CH Robinson CEO Bob Biesterfeld says, due to the current crisis, the company faces a tricky short-term strategic question over its massive investment plan for digital transformation.

In an earnings call to investors, Mr Biesterfeld said: “Are we best off stopping, or significantly scaling back, investments in our future and the long-term success of the enterprise, or should we stay the course and manage through some of the short-term pain that that will cause?”

It would seem the latter is more likely, but the company had taken immediate action to cut costs, with some $60m expected in savings.

It has made the “very difficult decision” to furlough about 7% of the workforce, but insisted “these furloughed employees are still employees of CH Robinson. We’re going to continue to support them … and we will work to bring them back as soon as the demands of the business dictate”.

Mr Biesterfeld said CHR had also “temporarily suspended the match to our retirement plans for our US and Canadian employees and the executive team had taken temporary reductions in pay, starting with a 50% reduction in my compensation and 20% for my direct reports. Additionally, our directors have taken reductions in their cash retainers of 50%”.

The focus on technology, announced last year, has begun to bear fruit, the company said, enabling the staff reduction.

“Simply put, we’re doing more with less in the field today, and this is due to the output of our technology investments and the work that our teams have been doing to standardise, centralise and automate the core processes within our business.”

However, the hi-tech move, especially in staffing, has been costly. As one analyst pointed out, “net revenue per employee is down 17%, while personnel cost per employee is down only 3%”.

Mike Zechmeister, chief financial officer, explained: “Historically, our personnel expense was more heavily weighted to variable cost components like bonus, commissions and performance-based equity. While that enabled our personnel expenses to more closely align with changes in net revenue, it also meant that in a softer freight cycle, our employees saw significant reductions in overall compensation and we experienced talent retention issues.

“Our increase in IT headcount has grown more than 30% in the past two years. These folks play a critical role in unlocking value for our customers, carriers and cost structure but their compensation is more fixed than our customer and carrier-facing employees.”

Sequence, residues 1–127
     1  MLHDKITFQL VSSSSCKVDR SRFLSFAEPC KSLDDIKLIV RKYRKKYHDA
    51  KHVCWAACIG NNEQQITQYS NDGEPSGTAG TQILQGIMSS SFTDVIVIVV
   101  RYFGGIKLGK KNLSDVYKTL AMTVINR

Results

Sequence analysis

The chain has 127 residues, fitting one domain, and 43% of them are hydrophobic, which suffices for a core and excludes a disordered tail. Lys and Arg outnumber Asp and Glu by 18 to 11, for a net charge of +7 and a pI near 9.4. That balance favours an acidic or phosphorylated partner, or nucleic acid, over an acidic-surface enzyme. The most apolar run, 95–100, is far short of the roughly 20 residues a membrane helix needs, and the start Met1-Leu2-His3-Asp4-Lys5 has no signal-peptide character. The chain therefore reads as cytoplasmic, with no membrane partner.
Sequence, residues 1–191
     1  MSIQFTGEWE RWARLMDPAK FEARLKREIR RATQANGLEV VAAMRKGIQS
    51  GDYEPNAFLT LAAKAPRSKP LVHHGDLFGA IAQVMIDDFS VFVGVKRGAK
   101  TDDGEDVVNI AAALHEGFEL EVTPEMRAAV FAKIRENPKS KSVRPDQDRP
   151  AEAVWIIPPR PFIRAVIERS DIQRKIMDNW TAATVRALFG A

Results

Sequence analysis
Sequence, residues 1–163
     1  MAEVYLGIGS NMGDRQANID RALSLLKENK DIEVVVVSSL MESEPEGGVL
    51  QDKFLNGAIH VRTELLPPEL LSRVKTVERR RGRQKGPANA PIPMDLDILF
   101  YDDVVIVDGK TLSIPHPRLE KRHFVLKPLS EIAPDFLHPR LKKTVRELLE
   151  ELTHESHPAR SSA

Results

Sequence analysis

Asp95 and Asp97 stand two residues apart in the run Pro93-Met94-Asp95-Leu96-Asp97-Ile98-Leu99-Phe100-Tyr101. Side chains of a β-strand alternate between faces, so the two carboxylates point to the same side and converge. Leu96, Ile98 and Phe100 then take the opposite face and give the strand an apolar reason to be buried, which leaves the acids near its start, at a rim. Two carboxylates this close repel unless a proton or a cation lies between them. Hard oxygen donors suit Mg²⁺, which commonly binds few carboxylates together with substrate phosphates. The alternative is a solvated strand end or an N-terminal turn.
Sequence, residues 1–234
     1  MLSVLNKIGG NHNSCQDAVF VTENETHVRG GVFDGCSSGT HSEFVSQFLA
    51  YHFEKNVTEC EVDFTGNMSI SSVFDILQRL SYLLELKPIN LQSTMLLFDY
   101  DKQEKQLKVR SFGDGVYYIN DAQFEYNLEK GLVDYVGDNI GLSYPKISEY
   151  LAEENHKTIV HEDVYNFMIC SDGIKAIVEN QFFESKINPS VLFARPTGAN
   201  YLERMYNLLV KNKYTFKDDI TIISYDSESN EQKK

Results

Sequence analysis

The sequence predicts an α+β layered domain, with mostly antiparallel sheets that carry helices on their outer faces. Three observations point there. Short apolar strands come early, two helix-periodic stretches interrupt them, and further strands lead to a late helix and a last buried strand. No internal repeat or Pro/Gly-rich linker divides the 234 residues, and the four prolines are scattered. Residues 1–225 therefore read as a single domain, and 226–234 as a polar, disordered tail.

Retaining or growing market share is also a focus, it said, noting that “during the quarter, price per mile billed to our customers declined 8.5%, while cost per mile paid to our contract carriers net of fuel declined 2.5%”.

Mr Biesterfeld explained: “Throughout the first quarter, we continue to meet and exceed our commitments on our contractual pricing agreements with our truckload customers, despite instances where the cost of purchase transportation exceeded our customer pricing. We believe honouring these commitments during difficult times is just one of the reasons that we have such higher retention rates with our customer base.”

The future is likely to be tough, he acknowledged, but would vary depending on sector.

“For us, the hardest-hit verticals have been automotive and manufacturing, and these account for about 25% of our revenues,” said Mr Biesterfeld. “The flip side of this is that consumer staples in food and beverage, retail paper and technology all continue to perform really well and show volume growth. These industries make up about 40% of our revenues.”

But he added: “The direction of the freight market and of the broader global economy will be very difficult to predict over the next few quarters. In the logistics industry, supply and demand, volume, pricing and cost will likely vary significantly from month to month and across different industry verticals.”

CH Robinson’s first quarter saw total revenues grew 1.4% to $3.8bn, while net revenues fell 16.3% to $568m. Income from operations fell 51.3% to $109.4m. You can see the full results here.

For a thorough analysis of CH Robinson’s financial results and position, go to Loadstar Premium here.

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